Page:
Editor’s Note: This is the first post in our new Visiting Scholars series, a series intended to draw students and faculty from other theology/arts programs including Duke Initiatives in Theology and the Arts, the Brehm Center of Fuller Theological Seminary, and the Yale Institute of Sacred Music into the theology/arts conversation here on Transpositions.
Let those dear hearts read Harry Potter. Throw ‘em head-first into The Chronicles of Narnia. Have a ball with Tolkien. But once in awhile, fellow youth workers, if you dare, I challenge you to venture forth, just occasionally, from the tried-and-true modern volumes of British fantasy lit by Christians and into the imaginative landscapes lying beyond Western borders.
The Bible fits into that latter category, by the way. But if you need help even starting there, as I do, my advice is simple: make some popcorn, and plant your church kids in front of movies by Hayao Miyazaki. Specifically, make them watch his 1984 masterpiece, Nausicaä of the Valley of the Wind.
And not just because I love it.
But here’s why I do:
#1: Funky narrative is the norm.
When the storytelling feels most radically surprising or nonlinear in Miyazaki’s films, it is usually because of a piece of magic, or because a backstory hitherto unknown comes flying in from an oblique angle, and characters or environments act in completely unexpected ways. Such is the way of anime, and such is the way of life. Nausicaä takes place in a fantastic and troubled universe, and traces a complex relationship between three ancient kingdoms, an unstable ecosystem filled with house-sized insects called Ohms, the gruesome and forced resuscitation of a giant creature from the mythic past, and a wind-riding princess’s vocation to lead her people to peace. Such a labrynthine and strangely-detailed progression of story requires patience. It allows for good things to appear initially unattractive. It expects adventure.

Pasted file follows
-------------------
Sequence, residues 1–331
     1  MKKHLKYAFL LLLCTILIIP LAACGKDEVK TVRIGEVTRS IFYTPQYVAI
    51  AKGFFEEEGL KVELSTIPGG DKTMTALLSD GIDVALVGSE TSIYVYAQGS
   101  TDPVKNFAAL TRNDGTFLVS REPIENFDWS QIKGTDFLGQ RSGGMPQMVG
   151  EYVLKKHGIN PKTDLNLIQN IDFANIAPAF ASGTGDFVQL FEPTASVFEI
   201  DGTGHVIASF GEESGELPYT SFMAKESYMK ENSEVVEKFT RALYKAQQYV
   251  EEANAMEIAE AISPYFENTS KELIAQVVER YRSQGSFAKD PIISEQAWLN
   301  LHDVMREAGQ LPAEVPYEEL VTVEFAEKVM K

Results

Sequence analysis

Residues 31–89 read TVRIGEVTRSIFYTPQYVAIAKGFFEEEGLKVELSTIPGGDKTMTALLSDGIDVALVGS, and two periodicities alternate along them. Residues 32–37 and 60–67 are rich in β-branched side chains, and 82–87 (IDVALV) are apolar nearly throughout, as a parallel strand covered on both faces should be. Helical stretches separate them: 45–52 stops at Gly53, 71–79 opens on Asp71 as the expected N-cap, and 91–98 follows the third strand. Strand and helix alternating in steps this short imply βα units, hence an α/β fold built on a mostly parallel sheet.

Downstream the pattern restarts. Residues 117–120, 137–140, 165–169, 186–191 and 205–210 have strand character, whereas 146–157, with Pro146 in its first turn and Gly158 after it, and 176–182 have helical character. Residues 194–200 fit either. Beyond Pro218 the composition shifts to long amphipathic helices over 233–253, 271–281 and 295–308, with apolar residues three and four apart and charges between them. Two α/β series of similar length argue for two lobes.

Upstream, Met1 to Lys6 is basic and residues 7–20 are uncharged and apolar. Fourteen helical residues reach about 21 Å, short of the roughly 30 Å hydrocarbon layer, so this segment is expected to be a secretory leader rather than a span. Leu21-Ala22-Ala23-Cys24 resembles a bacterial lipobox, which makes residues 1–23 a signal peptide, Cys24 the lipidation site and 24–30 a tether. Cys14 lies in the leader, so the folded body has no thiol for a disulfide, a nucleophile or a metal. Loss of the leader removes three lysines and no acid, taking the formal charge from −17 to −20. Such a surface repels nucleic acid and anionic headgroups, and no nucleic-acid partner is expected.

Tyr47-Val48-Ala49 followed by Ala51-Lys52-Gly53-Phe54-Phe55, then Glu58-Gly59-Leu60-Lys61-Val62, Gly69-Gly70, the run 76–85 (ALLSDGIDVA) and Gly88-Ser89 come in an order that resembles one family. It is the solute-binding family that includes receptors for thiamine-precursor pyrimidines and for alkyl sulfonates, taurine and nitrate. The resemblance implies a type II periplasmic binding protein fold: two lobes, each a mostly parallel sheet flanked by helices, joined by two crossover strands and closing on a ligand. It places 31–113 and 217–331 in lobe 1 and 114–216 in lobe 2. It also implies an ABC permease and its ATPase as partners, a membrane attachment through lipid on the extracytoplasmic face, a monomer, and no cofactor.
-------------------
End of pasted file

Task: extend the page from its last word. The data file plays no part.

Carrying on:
#2: Salvation is unpredictable.
This adventure manages to trace the entire history of salvation if you pay close attention. But, as in most of Miyazaki’s films, there are an amazing number of loose fringes left in the tale as relationships, backstories, magical technologies and ancient myths come crashing together into the present; yet out of this tangle emerge vivid and poignant dramatic scenes that don’t always follow one upon the other in a narrowly logical way. The gut-level through-line of the story, saturated with a history we cannot completely take in, still makes sense even when the zigzagging (sometimes downright ugly) pieces don’t. In order to seek the salvation of her people, princess Nausicaa must relentlessly press into the present moment with all the weight of the past, and from this emerges both the full horrors and joys of confronting evil with truth. Salvation is a creative act; it emerges from history as a live and new response entirely congruent with, and transformative of, the present reality.
#3: The female protagonist is actually a protagonist (and a Christ figure at that).
In terms of theological anthropology, this is a stunning achievement. No romantic twist or hot shoes or sassy set of “girlpower” quips are needed to make Nausicaä actual or interesting. She is a scientist, a diplomat, a warrior, an ascendant to the king’s throne, and a young girl; she does not need to be everything she is and sexy. In her desires, her loves, and her action within and upon the world, Nausicaä is, miraculously, a person. She is not perfect, but her striking fearlessness and freedom to love, which is her greatest power, are allowed to emerge, not from a gimmicky and insecure play on her gender, but from charity, self-knowledge and humility. In her prophetic service to her people in the Valley of the Wind, she is free to stand for them in the position of Christ. This perspective is the perfect opposite of the pornographic: it normalizes the free agency of a female human, and makes us all free to enjoy the Image of Christ in her.
Our prayer should be that kids in the church’s care would learn to think, feel, and instinctively act from within a rich imaginative matrix, forming sets of habits which increasingly reject the cynicism, bordeom, sentimentality, and pornographic distortion in the storytelling media that surround them. Let’s help them instead increasingly cling to the strange beauty of the true by exposing them to the ring of reality in what’s unfamiliar. Jumpstart them with a little Miyazaki. And who knows? They might just start enjoying scripture a little more, too, if we let them.
Amber Noel received her M.Div. from Duke University in 2012, after some additional graduate coursework in theology and literature at Lee University (Cleveland, TN). She has remained in Durham, NC to explore vocations in pastoral, artistic, and academic fields. She currently works as a writer, youth minister, and an administrative assistant for Duke Initiatives in Theology and the Arts. But more importantly, she has good people and animals around who stubbornly insist on being her friends.
Image used under fair use for purposes of comment.